Breaking the bonds with Russian researchers extinguishes the sparks of change 

Breaking the bonds with Russian researchers extinguishes the sparks of change 

More than 7000 of Russian scientists and science journalists are against the war


In the Netherlands, higher education institutions and teaching hospitals are suspending all formal cooperation with Russia and Belarus. Understandable, says the Russian PhD Olga Zvonareva (FHML). But what about the Russian researchers who are resisting and protesting?

Overall, putting a stop on all financial transactions with Russian academic organizations is an unavoidable step to take. It is unimaginable to support research in these organizations with EU money. 

It’s something else that I find concerning, though. There is an open letter signed by more than 7000 of Russian scientists and science journalists against the war with Ukraine.

On March 4th, Russian parliament approved and Putin signed a law that allows to imprison people for ’fake’ information about Russian army and its actions. Calling war as war and not special military operation has become a criminal offence punishable with up to 15 years in prison. 

Now, most scientists and science journalists who signed the letter are in Russia, working in Russian academia. According to the initiator of the open letter, physicist Boris Stern, only about 20 people asked to remove their names from the letter after the law was approved. Everyone else persist in declaring their 'strong opposition to the Russian hostilities launched against Ukrainian people’, as stated in the letter.

Then there are protests, during March 6 alone about 5000 people were detained. 5020 to be precise, according to OVD-info, civil society organization that collects and publishes information about political oppression in Russia.

Scientists and especially students are very much present there. A recent interview by sociologist Greg Yudin who was beaten during an antiwar protest and unconsciously taken to the police station can illustrate what is involved in making protest possible.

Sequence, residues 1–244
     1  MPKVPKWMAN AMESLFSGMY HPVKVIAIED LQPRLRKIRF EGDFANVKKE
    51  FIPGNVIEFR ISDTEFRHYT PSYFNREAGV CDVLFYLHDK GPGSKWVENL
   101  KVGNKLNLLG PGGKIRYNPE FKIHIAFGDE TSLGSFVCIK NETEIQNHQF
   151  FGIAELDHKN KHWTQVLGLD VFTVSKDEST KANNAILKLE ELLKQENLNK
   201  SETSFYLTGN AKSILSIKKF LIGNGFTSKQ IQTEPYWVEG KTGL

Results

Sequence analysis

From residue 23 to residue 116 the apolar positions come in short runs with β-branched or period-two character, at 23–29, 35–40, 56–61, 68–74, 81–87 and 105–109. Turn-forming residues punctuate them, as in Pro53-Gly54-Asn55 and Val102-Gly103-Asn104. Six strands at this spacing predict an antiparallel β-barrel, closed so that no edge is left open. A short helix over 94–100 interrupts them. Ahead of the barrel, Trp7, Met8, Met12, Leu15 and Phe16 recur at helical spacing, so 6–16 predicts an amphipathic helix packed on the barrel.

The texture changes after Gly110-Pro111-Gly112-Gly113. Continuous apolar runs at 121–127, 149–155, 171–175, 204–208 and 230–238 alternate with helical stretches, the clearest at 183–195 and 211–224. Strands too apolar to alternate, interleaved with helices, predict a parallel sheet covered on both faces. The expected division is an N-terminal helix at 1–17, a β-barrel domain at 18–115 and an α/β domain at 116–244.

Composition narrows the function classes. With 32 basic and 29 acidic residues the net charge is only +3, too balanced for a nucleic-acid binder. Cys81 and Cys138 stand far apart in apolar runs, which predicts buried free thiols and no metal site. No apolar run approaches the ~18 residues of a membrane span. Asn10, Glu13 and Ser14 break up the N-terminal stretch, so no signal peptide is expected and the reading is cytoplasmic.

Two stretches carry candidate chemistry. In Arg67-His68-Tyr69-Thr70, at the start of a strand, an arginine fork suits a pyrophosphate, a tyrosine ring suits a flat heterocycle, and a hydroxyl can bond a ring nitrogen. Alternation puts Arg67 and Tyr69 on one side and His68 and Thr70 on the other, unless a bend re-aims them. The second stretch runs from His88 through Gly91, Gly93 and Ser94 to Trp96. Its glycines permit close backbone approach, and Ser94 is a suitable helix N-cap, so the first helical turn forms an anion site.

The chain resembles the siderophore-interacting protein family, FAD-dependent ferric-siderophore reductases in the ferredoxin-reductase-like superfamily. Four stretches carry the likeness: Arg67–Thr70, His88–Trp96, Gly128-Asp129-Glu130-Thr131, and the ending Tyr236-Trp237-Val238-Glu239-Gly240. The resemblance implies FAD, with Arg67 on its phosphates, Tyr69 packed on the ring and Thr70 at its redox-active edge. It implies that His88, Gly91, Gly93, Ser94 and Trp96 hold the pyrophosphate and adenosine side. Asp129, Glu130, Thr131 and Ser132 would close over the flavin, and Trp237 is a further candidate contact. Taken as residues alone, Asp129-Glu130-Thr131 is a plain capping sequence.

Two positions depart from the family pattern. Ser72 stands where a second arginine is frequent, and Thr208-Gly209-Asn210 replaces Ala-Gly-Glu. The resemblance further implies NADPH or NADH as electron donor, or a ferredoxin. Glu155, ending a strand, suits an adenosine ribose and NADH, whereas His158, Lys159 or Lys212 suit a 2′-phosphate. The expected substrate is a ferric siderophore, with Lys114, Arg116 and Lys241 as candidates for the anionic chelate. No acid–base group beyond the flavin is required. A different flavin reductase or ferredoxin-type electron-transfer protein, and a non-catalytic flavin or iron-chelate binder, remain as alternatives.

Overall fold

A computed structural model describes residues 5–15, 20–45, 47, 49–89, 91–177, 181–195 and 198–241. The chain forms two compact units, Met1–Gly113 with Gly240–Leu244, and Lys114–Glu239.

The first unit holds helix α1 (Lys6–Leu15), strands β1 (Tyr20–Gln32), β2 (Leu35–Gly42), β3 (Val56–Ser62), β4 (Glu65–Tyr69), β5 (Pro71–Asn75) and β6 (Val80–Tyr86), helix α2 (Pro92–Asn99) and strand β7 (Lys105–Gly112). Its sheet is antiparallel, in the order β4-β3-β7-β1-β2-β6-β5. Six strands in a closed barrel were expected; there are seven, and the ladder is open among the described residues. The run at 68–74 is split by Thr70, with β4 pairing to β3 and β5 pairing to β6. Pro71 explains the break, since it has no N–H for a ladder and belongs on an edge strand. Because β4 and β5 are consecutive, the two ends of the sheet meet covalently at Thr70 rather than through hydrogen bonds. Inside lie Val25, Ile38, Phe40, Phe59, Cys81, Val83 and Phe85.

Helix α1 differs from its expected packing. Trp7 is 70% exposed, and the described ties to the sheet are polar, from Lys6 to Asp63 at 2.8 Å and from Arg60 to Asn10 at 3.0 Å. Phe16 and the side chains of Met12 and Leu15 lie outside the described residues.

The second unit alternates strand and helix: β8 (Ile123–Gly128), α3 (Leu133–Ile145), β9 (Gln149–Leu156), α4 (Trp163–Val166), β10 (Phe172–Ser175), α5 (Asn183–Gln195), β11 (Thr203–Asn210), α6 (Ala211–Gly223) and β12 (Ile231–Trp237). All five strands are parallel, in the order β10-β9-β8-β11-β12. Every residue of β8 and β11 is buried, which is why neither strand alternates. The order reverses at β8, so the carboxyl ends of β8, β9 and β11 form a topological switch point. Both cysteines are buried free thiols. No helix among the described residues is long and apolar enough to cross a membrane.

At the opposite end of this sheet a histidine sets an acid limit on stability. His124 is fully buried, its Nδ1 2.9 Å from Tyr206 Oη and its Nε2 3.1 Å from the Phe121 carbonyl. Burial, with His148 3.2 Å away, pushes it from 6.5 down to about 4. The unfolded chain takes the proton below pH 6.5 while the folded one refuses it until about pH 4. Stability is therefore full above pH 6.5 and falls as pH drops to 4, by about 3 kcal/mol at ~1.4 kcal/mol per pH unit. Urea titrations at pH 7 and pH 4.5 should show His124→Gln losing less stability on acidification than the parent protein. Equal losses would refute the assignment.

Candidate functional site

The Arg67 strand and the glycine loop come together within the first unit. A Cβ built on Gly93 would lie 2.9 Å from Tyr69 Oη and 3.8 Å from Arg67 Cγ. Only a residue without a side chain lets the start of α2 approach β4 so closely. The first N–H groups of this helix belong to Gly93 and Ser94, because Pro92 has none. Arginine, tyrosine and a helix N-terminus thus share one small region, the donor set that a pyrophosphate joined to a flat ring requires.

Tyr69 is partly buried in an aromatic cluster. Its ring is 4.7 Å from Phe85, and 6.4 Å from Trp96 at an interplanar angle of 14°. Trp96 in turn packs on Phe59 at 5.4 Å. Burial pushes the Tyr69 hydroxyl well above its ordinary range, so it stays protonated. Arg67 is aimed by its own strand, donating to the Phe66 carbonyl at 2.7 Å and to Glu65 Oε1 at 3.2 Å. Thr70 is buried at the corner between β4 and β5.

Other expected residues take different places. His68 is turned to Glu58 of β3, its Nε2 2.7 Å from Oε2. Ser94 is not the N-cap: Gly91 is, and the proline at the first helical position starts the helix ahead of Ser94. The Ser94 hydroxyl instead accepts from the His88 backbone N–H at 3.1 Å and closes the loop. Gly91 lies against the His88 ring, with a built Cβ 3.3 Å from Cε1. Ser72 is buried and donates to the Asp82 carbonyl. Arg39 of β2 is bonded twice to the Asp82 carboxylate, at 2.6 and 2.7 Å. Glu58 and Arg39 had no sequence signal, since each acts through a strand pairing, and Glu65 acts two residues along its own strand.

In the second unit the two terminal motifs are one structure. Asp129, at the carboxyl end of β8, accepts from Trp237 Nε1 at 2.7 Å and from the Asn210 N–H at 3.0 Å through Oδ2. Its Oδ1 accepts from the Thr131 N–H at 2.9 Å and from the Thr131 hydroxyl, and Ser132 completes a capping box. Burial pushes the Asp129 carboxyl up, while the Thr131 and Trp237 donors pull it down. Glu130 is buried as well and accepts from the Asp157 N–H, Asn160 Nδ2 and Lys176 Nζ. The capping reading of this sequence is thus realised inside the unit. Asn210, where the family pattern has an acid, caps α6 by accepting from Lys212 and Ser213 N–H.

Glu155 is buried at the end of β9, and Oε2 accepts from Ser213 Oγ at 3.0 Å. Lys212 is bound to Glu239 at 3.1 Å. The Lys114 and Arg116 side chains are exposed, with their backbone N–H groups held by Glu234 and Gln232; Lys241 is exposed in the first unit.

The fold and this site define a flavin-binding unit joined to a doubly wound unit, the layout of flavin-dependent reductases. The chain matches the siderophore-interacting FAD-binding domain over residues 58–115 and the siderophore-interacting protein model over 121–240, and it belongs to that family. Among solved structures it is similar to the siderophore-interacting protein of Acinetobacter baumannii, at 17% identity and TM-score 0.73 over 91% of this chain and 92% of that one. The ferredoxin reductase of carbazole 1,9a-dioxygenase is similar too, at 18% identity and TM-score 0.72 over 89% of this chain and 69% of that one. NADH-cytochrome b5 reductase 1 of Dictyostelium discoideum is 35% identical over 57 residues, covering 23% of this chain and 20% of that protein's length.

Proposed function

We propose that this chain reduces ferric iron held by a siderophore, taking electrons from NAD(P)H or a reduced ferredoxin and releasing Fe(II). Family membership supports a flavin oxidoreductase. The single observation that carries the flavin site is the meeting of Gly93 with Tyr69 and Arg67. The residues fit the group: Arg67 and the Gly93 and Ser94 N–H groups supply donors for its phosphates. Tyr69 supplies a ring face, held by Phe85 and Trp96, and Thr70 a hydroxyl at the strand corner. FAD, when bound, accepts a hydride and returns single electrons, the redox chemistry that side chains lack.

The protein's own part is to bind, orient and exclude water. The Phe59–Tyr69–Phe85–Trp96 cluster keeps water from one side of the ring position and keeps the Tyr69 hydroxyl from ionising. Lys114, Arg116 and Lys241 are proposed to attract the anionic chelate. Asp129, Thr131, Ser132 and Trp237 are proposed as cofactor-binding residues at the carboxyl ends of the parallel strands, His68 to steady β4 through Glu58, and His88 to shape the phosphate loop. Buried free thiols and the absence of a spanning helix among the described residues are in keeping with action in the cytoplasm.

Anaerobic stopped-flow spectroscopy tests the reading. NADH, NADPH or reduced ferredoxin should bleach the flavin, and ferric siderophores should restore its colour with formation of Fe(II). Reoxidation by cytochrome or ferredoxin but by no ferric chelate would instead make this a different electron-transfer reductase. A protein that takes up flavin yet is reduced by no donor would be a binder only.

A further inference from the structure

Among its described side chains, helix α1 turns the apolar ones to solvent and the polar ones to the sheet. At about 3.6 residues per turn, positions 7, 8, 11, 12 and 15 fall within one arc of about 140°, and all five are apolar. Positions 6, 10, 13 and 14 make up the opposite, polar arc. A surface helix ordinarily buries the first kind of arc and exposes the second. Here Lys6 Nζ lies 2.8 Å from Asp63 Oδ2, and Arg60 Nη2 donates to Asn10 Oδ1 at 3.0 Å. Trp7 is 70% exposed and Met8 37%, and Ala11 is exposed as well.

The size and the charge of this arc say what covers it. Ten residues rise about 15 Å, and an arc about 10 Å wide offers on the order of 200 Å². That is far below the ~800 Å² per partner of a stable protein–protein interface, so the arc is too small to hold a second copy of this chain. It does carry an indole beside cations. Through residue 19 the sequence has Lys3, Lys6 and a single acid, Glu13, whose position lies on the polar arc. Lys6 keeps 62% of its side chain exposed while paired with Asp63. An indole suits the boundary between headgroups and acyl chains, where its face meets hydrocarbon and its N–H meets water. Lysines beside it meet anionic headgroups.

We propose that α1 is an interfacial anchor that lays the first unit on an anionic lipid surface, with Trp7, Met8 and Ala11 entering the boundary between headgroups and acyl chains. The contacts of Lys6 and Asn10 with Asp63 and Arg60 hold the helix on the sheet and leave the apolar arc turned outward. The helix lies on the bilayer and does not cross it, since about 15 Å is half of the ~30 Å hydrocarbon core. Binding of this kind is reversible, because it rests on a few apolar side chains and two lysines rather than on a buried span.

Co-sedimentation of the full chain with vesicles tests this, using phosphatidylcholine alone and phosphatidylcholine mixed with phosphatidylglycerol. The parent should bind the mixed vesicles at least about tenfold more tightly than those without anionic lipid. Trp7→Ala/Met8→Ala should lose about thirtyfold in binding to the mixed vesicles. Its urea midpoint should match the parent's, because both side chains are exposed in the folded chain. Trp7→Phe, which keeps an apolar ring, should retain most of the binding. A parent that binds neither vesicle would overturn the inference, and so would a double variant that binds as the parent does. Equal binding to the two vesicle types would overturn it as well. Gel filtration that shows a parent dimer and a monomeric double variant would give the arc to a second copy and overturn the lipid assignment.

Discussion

Then there are entire academic organizations that for a long time have been in opposition to the oppressive actions by the Russian government. Think of the European University at St.Petersburg. Over the past decade it has been repeatedly attacked for producing critical social science research, resisting censorship, and educating independently thinking students. It has had its educational license revoked more than once, lost its building, was subjected to threats, but still resisted and managed to continue working. 

Think of the Moscow School of Social and Economic Sciences (known as Shaninka) that also went through losing its licence and then had its rector Sergei Zuyev arrested under some fabricated pretence. The reasons are similar: Shaninka is not loyal.

My concern is that all these people who are resisting and protesting, who call war as war and identify with values of justice and truth, will find themselves in isolation. Just to be clear: I am speaking about maintaining connection among those of us globally, who share these values and cherish human life. 

I’m afraid that, while barring participants from Russian and Belarusian institutions from participation in collective events (as the recent statement by Dutch universities indicates), maintaining such connection is impossible. It is not only research that flourishes through connection and exchange, I am not concerned with research right now. It is also democratic commitments and, however small, sparks of change as well and these may be extinguished. 

Olga Zvonareva, PhD at the Department of Health, Ethics and Society (FHML)

Author: Redactie

Photo: Moscow School of Social and Economic Sciences

Tags: ukraine,russia,putin,war

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